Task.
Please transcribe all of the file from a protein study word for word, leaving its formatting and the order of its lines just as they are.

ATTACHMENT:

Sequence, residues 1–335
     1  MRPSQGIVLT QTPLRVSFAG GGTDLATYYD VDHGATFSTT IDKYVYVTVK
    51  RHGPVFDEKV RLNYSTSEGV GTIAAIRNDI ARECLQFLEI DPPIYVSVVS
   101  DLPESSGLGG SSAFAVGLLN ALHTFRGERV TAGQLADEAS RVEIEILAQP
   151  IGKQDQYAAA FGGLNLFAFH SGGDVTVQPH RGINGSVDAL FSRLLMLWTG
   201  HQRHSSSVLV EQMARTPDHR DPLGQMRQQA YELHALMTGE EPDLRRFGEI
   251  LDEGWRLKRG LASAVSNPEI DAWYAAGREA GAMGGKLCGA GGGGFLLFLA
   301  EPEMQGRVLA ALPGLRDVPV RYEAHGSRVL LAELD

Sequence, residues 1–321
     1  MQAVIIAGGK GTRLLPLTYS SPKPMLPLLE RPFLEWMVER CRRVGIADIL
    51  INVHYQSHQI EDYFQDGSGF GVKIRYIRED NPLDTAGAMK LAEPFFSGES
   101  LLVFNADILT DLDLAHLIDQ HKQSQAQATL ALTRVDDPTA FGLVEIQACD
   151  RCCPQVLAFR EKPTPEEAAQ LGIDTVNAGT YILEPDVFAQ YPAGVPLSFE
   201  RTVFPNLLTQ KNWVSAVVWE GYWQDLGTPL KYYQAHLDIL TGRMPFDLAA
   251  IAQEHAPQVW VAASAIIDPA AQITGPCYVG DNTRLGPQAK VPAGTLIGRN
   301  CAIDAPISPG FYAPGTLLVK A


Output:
Sequence, residues 1–335
     1  MRPSQGIVLT QTPLRVSFAG GGTDLATYYD VDHGATFSTT IDKYVYVTVK
    51  RHGPVFDEKV RLNYSTSEGV GTIAAIRNDI ARECLQFLEI DPPIYVSVVS
   101  DLPESSGLGG SSAFAVGLLN ALHTFRGERV TAGQLADEAS RVEIEILAQP
   151  IGKQDQYAAA FGGLNLFAFH SGGDVTVQPH RGINGSVDAL FSRLLMLWTG
   201  HQRHSSSVLV EQMARTPDHR DPLGQMRQQA YELHALMTGE EPDLRRFGEI
   251  LDEGWRLKRG LASAVSNPEI DAWYAAGREA GAMGGKLCGA GGGGFLLFLA
   301  EPEMQGRVLA ALPGLRDVPV RYEAHGSRVL LAELD

Sequence, residues 1–321
     1  MQAVIIAGGK GTRLLPLTYS SPKPMLPLLE RPFLEWMVER CRRVGIADIL
    51  INVHYQSHQI EDYFQDGSGF GVKIRYIRED NPLDTAGAMK LAEPFFSGES
   101  LLVFNADILT DLDLAHLIDQ HKQSQAQATL ALTRVDDPTA FGLVEIQACD
   151  RCCPQVLAFR EKPTPEEAAQ LGIDTVNAGT YILEPDVFAQ YPAGVPLSFE
   201  RTVFPNLLTQ KNWVSAVVWE GYWQDLGTPL KYYQAHLDIL TGRMPFDLAA
   251  IAQEHAPQVW VAASAIIDPA AQITGPCYVG DNTRLGPQAK VPAGTLIGRN
   301  CAIDAPISPG FYAPGTLLVK A